January  2005, Vol. 6 No. 3

 


Articles included:


Groundbreaking Ceremony for Public Policy Institute
Founders Day Keynote Speaker to AUB Students: "You are a bridge to tomorrow."
Afghan Government Officials Visit AUB
FHS Anniversary
AUB: Molder of Leaders
Central Bank Governor Optimistic about Lebanon's Monetary Status
Fall Senate Activities

History's John Meloy Leads CAMES
Faculty Profile: Bio-statistician Mona Kanaan Battles Infectious Diseases
Professor Ziyad Mahfoud Joins Faculty of Health Sciences
Women's League Christmas Event: Feathers and Dancing

AUB Computer Engineering Students Win Award

Amin Rihani: Romantic, Spiritualist, Conformist, or Modernist?
AUBMC Surgeon Lectures on Breast Cancer Awareness

 




Film Star Angelina Jolie Visits Campus
What the West Stole from the East
Watenpaugh Lectures on Emerging Middle Class in Syria

Education, Positive Attitudes, and Democracy
Lecture on The City of God
The Influence of Medieval Islamic Philosophers on Leo Strauss' Philosophy

Islamic Social Institutions in Three Middle Eastern Countries
Who's Afraid of Virginia Woolf? Last Play Reading of the Semester
"Seeing the South" Competition
AUB Students Vote for Opposition
Women Athletes Honored
An Athletics Department in Movement
Faculty Football Team
Keeping Zaki Nassif's Music Alive
The AUB Choir and Choral Society's Holiday Concert

Archive:

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Left to right: Saad Nikro, Kassim Shaaban, Naji Oueijan, Stephen Sheehi

The Anis K. Makdisi Program in Literature, in cooperation with the English Department of AUB, held a panel discussion, "Amin Rihani: Romantic, Spiritualist, Conformist, or Modernist?" on December 1, 2004. The three speakers featured on the panel presented their views on the life and work of this noted Lebanese-American writer, whose famous Book of Khalid, published in 1911, holds the distinction of being the first novel written in English by an Arab author. A major theme in Rihani's work was the dialogue between East and West, particularly between the people of the Arab world and America.

In the first presentation, entitled "Amin Rihani and the Romantic Spirit of Change," Naji Oueijan of Notre Dame University spoke about the influences in Rihani's work, saying  that "among the isms that influenced Rihani, romanticism is paramount... simply because in his personal life and in his major works, Rihani, unlike the modernists, was a romantic pilgrim seeking liberation and awareness of Self and Other." Referring to Rihani's Book of Khalid, Oueijan pointed out that the hero "meets the romantic demands for a quest seeker, distinctive for his rejection of orthodoxy and of narcissistic desires and purposes, and for his acceptance of and participation with difference, in his search for meaning, certitude, and higher values." As such, "Rihani's Khalid is a model of the romantic hero, and particularly of the Byronic one... who sets out on a quest in pursuit of radical change in himself and the world, wrapped with a desire to break away from traditional systems and to revolt against the orthodoxy of a world of man-made conflict...."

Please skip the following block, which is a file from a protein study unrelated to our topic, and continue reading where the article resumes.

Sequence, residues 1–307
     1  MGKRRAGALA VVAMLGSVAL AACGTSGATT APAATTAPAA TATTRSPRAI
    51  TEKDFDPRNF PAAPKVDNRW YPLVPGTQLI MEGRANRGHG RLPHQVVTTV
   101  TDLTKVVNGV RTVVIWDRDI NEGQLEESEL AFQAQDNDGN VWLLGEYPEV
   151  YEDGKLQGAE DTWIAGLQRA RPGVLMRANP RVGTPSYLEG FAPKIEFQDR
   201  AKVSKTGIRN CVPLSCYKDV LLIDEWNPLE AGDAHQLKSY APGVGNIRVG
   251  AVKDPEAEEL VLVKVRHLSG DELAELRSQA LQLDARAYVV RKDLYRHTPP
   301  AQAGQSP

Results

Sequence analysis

In the second presentation, Saadi Nikro discussed the two senses of potential-disposition and historicity-as related to Rihani's writings. Nikro explained that "the disposition of his work, the developing interface of its reading and writing, lies between two conceptually identifiable, open-ended entities-Occident and Orient, West and East-two geographical and cultural spheres whose differences, for Rihani, always remain curiously undecidable, whose differences lie in the potential." He added that Rihani's work "embodies an experience of traveling across and between those worlds, a reciprocating journey that does not assume either the Orient or the Occident as a privileged lookout or point of departure."

Nikro then considered the contrast with Samuel Huntington's Clash of Civilizations and concluded that for Rihani, "there can be no closure to history or historical understanding, no form of objective analytics that can render history exhaustively meaningful and knowable."

In the third paper, entitled "The Path of Vision and the Anxiety of Arab Vision in the Modern Age," Stephen Sheehi of AUB explained that Rihani, in The Path of Vision, "makes clear that modernity is the champion of enlightenment ideals: intellectual and personal freedom, science, and the death of superstition." Sheehi went on to say that, according to Rihani's views, however, "...the disconnect between reality and experience, between the soul and the mind, is linked to a loss of vision for the West. If the Western mind is superior, he would say, its ability for progress impairs it to see the sublime... and the barbarism of the East that damns it to backwardness also offers the Oriental mind access to the transcendental."

Sheehi said that Rihani was "an undaunting supporter of women's emancipation" and that, in Rihani's opinion, "psychology helps modern man understand his condition, but to understand the most 'inner strata' we must proceed blindly. This critical blindness serves an essential cognitive purpose."


 

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